Do they want solutions or support? How to know, and what to do when we get it wrong.

When your child or teen has big feelings, the drive to ‘fix’ them can feel like it’s swallowing us whole – but we don’t need to fix them. They aren’t broken. In that moment, our job isn’t to stop their feelings but to let those feelings do their job, which is bring us alongside them in a way that supports them with the emotional load. 

Big feelings and big behaviour are a call for us to come closer. They won’t always feel like that, especially if those big feelings come bundled with spicy words or big behaviour, but they are a call to bring us closer. Not ‘closer’ in an intrusive ‘I need you to stop this’ way, but closer in an ‘I’ve got you, I can handle all of you’ kind of way – no judgement, no need for you to be different – I’m just going to make space for this feeling to find its way through.

Our kids and teens are no different to us. When we have feelings that fill us to overloaded, the last thing we need is someone telling us that it’s not the way to behave, or to calm down, or that we’re unbearable when we’re like this. No – that doesn’t work for us, and it doesn’t work for them. What they need is what we all need – a safe place to find their out-breath, and to let the energy connected to that feeling move through them and out of them so they can rest. But how?

What do they need from us?

First, don’t take big feelings personally. Their big feelings aren’t a reflection on you, your parenting, or your child. Big feelings have wisdom contained in them about what’s needed more or less, or what feels intolerable right now. Sometimes it might be as basic as sleep or food. Maybe more power, influence, independence, or connection with you. Maybe there’s too much stress hitting their ceiling and ricocheting off their edges. The time to process that wisdom will come, but first, the energy that’s connected to those big emotions (e-motion, as in ‘energy in motion’) needs to move through them.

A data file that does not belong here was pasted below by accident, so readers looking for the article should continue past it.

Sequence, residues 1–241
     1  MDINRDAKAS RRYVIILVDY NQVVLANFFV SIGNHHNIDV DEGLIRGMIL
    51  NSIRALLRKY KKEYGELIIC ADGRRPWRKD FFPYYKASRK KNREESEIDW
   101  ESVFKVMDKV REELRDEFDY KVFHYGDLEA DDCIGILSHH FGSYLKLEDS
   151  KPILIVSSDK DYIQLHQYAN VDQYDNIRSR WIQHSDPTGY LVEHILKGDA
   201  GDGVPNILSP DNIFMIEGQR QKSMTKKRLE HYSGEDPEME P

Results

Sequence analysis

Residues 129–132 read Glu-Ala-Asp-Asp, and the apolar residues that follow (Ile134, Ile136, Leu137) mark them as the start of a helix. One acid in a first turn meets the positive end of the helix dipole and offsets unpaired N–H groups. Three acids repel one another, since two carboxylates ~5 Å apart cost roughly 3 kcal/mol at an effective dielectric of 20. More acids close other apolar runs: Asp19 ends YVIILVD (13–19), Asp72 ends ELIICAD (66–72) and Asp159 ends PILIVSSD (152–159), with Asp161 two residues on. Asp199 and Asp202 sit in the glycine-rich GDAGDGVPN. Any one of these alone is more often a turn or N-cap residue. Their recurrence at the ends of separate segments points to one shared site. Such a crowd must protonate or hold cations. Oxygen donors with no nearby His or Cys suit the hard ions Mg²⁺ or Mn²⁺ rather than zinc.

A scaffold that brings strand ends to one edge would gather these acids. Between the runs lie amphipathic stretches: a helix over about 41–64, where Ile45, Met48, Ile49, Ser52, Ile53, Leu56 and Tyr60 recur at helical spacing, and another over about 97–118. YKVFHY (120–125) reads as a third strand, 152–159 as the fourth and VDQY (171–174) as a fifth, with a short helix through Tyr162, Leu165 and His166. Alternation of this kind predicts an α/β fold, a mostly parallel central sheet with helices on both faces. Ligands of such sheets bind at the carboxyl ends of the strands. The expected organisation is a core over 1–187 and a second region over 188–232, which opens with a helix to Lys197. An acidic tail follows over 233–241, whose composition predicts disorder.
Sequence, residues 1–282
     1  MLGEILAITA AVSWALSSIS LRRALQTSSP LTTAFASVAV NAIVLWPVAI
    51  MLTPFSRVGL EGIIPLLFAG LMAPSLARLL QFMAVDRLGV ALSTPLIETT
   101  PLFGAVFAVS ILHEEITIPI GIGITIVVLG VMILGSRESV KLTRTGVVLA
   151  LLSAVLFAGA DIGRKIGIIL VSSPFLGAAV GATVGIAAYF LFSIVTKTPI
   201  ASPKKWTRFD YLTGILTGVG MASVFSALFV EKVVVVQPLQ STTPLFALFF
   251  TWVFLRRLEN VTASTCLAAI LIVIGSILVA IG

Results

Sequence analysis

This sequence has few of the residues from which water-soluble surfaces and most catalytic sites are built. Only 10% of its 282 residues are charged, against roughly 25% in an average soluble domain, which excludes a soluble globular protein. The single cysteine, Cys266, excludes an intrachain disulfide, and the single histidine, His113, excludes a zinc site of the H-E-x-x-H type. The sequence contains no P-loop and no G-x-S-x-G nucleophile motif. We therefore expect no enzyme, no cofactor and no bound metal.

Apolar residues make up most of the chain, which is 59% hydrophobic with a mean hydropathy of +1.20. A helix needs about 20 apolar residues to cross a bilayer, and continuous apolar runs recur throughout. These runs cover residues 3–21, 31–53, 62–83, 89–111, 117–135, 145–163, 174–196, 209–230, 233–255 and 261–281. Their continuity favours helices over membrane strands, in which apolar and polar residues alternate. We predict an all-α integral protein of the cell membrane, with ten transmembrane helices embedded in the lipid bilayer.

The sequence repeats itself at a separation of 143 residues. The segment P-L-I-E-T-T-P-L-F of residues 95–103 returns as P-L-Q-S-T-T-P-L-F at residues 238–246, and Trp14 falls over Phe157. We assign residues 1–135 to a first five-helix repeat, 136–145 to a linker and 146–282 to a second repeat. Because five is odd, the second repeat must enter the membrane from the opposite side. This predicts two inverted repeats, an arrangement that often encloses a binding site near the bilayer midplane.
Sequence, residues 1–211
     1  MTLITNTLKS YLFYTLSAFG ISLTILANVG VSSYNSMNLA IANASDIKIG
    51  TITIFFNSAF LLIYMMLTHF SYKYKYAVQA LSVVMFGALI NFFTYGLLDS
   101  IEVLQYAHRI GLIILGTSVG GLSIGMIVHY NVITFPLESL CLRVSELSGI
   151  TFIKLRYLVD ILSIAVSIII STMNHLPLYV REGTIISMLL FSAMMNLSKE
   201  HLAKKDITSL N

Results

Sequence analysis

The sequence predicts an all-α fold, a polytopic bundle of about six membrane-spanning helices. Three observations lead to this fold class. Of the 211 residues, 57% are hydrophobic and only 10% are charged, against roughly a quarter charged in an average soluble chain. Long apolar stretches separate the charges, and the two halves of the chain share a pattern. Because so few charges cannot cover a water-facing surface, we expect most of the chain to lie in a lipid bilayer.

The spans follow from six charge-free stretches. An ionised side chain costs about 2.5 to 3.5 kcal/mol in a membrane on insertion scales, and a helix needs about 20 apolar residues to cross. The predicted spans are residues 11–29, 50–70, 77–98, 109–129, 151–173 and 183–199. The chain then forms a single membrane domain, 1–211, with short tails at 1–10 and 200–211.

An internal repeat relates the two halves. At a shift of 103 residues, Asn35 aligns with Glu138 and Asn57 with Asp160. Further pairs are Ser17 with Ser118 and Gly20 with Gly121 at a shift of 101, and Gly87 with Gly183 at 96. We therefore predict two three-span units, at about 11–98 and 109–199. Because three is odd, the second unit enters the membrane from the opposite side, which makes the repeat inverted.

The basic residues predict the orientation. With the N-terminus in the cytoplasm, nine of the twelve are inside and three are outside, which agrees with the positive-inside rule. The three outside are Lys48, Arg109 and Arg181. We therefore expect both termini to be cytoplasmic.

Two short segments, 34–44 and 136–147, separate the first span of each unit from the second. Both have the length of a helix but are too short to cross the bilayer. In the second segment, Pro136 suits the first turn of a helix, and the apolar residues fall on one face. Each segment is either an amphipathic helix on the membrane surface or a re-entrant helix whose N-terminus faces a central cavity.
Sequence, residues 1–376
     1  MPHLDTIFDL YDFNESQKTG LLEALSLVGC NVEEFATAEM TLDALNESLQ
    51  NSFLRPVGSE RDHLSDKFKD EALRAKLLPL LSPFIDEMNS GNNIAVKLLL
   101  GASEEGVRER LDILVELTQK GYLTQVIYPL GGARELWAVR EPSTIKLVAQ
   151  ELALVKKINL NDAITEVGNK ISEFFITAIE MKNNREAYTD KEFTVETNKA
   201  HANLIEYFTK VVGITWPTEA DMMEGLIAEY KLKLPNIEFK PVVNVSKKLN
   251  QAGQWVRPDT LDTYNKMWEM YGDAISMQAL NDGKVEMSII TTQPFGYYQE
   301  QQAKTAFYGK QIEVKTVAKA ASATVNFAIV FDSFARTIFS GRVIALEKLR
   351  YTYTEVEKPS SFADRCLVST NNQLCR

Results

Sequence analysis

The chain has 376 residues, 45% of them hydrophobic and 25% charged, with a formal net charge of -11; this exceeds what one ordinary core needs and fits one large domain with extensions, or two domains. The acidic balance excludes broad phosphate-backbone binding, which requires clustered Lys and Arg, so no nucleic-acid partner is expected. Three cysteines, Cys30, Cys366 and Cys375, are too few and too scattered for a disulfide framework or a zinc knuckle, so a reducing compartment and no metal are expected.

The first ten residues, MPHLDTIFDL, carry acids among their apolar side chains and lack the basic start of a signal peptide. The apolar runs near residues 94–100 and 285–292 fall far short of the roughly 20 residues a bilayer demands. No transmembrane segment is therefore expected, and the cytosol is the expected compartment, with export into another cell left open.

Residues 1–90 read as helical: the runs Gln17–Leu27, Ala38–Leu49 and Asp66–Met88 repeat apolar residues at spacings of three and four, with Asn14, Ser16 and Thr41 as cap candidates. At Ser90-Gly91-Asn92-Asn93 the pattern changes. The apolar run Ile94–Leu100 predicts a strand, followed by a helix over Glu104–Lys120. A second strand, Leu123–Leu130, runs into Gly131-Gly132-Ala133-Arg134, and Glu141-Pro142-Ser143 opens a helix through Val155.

Sometimes they’ll want help. Sometimes they’ll want a hug. If you’re not sure if this is a hug situation or a help situation, it’s always okay to ask. This might sound something like, ‘You’re done with today, aren’t you. Would you like me to sit with you or give you space?’ Or, ‘Would you like to talk about it, or would you like to be distracted from it for a while? I can do either.’ Or, ‘It looks like something is going on for you. You don’t need to talk about it if you don’t want to, but if you want to, I’m here. There’s nothing you can tell me that I can’t handle.’

And if you get it wrong.

Sometimes, of course, you might make the wrong call. (I’ve done this more times than I care to count!) You might jump into problem-solving, thinking you’re helping, only to see big feelings get bigger. If this happens, acknowledge what’s happened, ‘I think I made a mistake just then. I tried to solve the problem, but I can see you didn’t need me to do that. I’m wondering if what you actually needed was for me to listen. I’m sorry I didn’t do that, but I can do it now. Can we try again?’

Are you responding to what’s happening now? Or way back when?

We also need to make sure we are responding to them in the moment, not a fear or an inherited ‘should’ of our own. These are the messages we swallowed whole at some point. Some common ones are:

  • ‘happy kids should never get sad or angry’;
  • ‘kids should always behave’;
  • ‘I should be able to protect my kids from feeling bad’;
  • ‘big feelings are bad feelings’;
  • ‘bad behaviour means bad kids, which means bad parents.’

All these shoulds are feisty show ponies that assume more ‘rightness’ than they deserve. They are usually historic, and when we really examine them, they’re also irrelevant.

And finally …

Finally, try not to let the symptoms of big feelings disrupt the connection. When our children have big feelings, our role as their important adults isn’t to change them or their feelings but to guide them gently and lovingly back home to calm. From there, they will be more open to learning, but only if they can rest in our love and leadership.